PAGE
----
• In an illustrative embodiment, the database application 736 may include a data transfer component that is configured to move rows of a columnar index from a delta store of the columnar index to a column store of the columnar index. In another illustrative embodiment, the processor 720 may be configured to execute a query processing engine to execute database queries of the database application 736 that reference both columnar database indices and row-wise database indices.
  • The computing device 710 may also have additional features or functionality. For example, the computing device 710 may also include removable and/or non-removable additional data storage devices such as magnetic disks, optical disks, tape, and standard-sized or flash memory cards. Such additional storage is illustrated in FIG. 7 by removable storage 740 and non-removable storage 750. Computer storage media may include volatile and/or non-volatile storage and removable and/or non-removable media implemented in any technology for storage of information such as computer-readable instructions, data structures, program components or other data. The system memory 730, the removable storage 740 and the non-removable storage 750 are all examples of computer storage media. The computer storage media includes, but is not limited to, RAM, ROM, electrically erasable programmable read-only memory (EEPROM), flash memory or other memory technology, compact disks (CD), digital versatile disks (DVD) or other optical storage, magnetic cassettes, magnetic tape, magnetic disk storage or other magnetic storage devices, or any other medium that can be used to store information and that can be accessed by the computing device 710. Any such computer storage media may be part of the computing device 710.
  • The computing device 710 may also have input device(s) 760, such as a keyboard, mouse, pen, voice input device, touch input device, etc. Output device(s) 770, such as a display, speakers, printer, etc. may also be included. The computing device 710 also contains one or more communication connections 780 that allow the computing device 710 to communicate with other computing devices 790 over a wired or a wireless network.
  • It will be appreciated that not all of the components or devices illustrated in FIG. 7 or otherwise described in the previous paragraphs are necessary to support embodiments as herein described. For example, the removable storage 740 may be optional.
  • The illustrations of the embodiments described herein are intended to provide a general understanding of the structure of the various embodiments. The illustrations are not intended to serve as a complete description of all of the elements and features of apparatus and systems that utilize the structures or methods described herein. Many other embodiments may be apparent to those of skill in the art upon reviewing the disclosure. Other embodiments may be utilized and derived from the disclosure, such that structural and logical substitutions and changes may be made without departing from the scope of the disclosure. Accordingly, the disclosure and the figures are to be regarded as illustrative rather than restrictive.
  • Those of skill would further appreciate that the various illustrative logical blocks, configurations, modules, and process steps or instructions described in connection with the embodiments disclosed herein may be implemented as electronic hardware or computer software. Various illustrative components, blocks, configurations, modules, or steps have been described generally in terms of their functionality. Whether such functionality is implemented as hardware or software depends upon the particular application and design constraints imposed on the overall system. Skilled artisans may implement the described functionality in varying ways for each particular application, but such implementation decisions should not be interpreted as causing a departure from the scope of the present disclosure.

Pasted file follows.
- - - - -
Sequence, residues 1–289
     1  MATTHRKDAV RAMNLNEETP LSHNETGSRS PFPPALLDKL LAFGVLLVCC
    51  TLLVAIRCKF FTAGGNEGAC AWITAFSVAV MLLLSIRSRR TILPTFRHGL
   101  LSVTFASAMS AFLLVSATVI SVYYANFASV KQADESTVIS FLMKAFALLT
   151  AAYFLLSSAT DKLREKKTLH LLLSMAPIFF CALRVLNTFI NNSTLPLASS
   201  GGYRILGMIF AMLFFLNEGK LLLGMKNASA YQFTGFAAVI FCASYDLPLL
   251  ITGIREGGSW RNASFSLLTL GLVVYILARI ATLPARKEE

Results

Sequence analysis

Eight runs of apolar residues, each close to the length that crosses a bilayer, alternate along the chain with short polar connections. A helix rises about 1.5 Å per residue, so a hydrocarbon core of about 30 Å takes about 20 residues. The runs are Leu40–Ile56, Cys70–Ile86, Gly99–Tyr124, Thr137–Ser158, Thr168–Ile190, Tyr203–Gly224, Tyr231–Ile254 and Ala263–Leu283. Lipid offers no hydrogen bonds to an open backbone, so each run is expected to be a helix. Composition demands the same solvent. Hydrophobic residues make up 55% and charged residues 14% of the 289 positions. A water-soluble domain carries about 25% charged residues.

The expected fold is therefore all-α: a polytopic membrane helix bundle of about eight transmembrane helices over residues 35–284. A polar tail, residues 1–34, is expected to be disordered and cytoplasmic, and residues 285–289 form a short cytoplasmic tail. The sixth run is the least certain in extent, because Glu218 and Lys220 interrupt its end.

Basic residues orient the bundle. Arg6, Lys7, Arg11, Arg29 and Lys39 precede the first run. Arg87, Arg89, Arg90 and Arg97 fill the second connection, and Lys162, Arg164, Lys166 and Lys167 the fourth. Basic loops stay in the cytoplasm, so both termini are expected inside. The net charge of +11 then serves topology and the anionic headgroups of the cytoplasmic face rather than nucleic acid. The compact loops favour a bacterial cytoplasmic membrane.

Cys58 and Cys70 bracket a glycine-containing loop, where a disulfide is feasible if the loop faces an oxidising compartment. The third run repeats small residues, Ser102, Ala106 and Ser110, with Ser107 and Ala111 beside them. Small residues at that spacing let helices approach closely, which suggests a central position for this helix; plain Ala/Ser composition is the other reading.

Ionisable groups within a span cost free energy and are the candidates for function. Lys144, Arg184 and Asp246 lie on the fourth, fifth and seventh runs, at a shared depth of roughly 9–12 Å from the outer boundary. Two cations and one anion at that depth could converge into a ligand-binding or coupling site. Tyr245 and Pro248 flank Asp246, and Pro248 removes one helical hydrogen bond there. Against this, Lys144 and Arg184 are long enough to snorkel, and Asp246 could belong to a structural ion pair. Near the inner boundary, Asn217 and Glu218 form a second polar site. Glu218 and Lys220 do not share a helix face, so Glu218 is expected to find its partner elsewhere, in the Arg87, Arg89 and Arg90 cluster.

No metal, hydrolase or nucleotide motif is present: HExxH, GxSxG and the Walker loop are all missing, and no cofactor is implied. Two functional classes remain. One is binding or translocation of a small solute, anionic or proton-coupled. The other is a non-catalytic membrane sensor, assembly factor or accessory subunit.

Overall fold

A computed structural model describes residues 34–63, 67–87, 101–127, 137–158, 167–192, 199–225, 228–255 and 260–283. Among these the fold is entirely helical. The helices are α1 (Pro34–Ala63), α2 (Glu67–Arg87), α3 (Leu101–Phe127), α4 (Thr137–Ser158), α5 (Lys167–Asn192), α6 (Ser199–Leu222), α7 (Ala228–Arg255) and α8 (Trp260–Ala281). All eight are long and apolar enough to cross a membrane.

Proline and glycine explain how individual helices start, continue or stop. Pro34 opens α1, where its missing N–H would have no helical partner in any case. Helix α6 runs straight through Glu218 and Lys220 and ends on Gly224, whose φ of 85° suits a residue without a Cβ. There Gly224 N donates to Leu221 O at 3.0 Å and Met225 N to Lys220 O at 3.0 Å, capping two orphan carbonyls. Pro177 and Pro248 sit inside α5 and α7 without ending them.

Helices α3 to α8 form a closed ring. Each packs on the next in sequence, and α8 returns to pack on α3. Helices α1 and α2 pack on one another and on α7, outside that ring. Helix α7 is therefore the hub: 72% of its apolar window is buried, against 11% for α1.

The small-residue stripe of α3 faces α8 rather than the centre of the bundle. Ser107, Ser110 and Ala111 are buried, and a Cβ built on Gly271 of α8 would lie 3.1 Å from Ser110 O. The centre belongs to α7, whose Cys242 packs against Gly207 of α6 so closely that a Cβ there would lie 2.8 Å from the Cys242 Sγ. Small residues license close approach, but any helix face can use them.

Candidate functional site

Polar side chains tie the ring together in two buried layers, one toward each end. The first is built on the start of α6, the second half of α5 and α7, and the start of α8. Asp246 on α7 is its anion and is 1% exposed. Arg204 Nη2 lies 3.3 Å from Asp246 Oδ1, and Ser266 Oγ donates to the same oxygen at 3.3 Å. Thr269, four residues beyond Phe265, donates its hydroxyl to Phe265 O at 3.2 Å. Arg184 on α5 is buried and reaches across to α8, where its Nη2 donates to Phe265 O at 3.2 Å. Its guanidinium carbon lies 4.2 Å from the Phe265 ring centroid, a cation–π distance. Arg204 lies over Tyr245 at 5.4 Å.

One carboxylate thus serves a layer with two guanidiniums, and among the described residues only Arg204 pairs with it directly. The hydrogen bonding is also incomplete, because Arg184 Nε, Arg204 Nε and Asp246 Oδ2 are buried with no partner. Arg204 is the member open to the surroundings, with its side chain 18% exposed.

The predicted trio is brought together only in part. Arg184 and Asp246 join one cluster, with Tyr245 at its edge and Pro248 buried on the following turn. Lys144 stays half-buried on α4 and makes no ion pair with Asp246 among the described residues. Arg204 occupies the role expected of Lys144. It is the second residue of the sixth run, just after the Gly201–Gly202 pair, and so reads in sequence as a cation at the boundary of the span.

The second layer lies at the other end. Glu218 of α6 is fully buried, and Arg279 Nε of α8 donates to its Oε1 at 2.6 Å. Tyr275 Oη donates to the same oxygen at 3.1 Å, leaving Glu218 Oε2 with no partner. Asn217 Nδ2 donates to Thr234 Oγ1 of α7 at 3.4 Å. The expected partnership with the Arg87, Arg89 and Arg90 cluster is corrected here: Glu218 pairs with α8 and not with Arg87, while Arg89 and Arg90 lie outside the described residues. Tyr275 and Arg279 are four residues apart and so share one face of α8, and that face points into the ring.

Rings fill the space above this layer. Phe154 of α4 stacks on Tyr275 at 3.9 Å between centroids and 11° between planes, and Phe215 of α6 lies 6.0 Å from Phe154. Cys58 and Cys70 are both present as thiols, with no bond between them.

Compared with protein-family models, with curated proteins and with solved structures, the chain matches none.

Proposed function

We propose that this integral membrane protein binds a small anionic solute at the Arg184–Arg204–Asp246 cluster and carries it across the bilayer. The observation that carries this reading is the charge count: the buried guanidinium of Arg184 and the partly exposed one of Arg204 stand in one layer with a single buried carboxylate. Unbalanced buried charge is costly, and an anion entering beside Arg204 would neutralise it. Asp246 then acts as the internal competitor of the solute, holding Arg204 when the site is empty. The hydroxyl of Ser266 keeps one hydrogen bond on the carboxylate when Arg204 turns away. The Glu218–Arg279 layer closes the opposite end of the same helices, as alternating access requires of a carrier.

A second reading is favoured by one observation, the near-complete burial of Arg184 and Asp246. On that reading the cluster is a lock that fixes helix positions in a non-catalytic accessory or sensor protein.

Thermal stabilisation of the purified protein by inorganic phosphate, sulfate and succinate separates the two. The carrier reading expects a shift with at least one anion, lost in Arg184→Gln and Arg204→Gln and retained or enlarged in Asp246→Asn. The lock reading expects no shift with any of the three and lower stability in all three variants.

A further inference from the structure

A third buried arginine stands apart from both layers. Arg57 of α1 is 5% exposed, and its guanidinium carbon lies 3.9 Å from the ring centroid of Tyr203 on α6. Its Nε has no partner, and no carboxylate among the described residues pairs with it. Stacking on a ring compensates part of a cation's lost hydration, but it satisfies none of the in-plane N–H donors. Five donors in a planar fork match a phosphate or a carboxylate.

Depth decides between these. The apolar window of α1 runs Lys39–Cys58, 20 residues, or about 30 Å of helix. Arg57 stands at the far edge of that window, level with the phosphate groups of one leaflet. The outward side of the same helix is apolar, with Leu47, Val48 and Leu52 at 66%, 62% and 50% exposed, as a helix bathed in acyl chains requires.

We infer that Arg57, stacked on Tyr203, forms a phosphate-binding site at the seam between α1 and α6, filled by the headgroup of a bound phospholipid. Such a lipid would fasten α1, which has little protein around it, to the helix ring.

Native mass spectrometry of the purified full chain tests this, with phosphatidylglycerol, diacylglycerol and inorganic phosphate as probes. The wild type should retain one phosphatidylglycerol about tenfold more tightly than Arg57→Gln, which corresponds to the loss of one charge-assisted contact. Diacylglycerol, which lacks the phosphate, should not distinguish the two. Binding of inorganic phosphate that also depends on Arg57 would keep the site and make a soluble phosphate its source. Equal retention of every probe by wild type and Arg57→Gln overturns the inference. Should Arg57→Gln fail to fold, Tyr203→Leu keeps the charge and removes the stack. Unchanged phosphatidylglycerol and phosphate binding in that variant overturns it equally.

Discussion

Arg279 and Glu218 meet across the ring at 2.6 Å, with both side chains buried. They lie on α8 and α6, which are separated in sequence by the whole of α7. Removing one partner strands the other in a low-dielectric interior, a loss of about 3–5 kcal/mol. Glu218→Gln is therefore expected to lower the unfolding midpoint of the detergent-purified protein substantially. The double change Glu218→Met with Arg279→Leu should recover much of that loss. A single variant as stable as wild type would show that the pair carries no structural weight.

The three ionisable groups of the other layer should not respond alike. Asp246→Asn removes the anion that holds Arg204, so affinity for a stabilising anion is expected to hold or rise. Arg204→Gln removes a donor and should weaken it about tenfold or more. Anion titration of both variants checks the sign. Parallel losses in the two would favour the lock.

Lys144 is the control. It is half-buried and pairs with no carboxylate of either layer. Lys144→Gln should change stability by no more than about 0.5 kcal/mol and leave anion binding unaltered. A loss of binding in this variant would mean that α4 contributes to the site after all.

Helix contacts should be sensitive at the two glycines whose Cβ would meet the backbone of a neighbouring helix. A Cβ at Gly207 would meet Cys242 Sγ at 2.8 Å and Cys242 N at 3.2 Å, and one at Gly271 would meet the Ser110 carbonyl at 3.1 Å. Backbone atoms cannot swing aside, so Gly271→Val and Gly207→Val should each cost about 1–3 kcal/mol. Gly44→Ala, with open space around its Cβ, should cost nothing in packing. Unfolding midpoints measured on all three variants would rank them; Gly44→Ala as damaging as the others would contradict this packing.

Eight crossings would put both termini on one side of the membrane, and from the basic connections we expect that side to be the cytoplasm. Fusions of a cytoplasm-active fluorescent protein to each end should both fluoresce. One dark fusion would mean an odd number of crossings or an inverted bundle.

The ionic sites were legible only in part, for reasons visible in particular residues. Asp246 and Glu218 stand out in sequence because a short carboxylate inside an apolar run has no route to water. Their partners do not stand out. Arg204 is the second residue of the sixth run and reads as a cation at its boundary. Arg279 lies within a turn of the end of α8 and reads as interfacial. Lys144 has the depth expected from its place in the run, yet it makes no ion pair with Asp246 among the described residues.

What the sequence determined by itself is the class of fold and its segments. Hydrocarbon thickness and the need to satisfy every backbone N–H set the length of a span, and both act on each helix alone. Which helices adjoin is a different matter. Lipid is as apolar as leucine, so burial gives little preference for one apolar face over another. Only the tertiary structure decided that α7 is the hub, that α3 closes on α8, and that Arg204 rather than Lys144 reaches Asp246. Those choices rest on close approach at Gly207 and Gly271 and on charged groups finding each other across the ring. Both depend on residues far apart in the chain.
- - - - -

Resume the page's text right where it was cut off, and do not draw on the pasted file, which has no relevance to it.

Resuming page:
• The steps of a method described in connection with the embodiments disclosed herein may be embodied directly in hardware, in a software module executed by a processor, or in a combination of the two. A software module may reside in computer readable media, such as random access memory (RAM), flash memory, read only memory (ROM), registers, a hard disk, a removable disk, a CD-ROM, or any other form of storage medium known in the art. An exemplary storage medium is coupled to a processor such that the processor can read information from, and write information to, the storage medium. In the alternative, the storage medium may be integral to the processor or the processor and the storage medium may reside as discrete components in a computing device or computer system.
  • Although specific embodiments have been illustrated and described herein, it should be appreciated that any subsequent arrangement designed to achieve the same or similar purpose may be substituted for the specific embodiments shown. This disclosure is intended to cover any and all subsequent adaptations or variations of various embodiments.
  • The Abstract of the Disclosure is provided with the understanding that it will not be used to interpret or limit the scope or meaning of the claims. In addition, in the foregoing Detailed Description, various features may be grouped together or described in a single embodiment for the purpose of streamlining the disclosure. This disclosure is not to be interpreted as reflecting an intention that the claimed embodiments require more features than are expressly recited in each claim. Rather, as the following claims reflect, inventive subject matter may be directed to less than all of the features of any of the disclosed embodiments.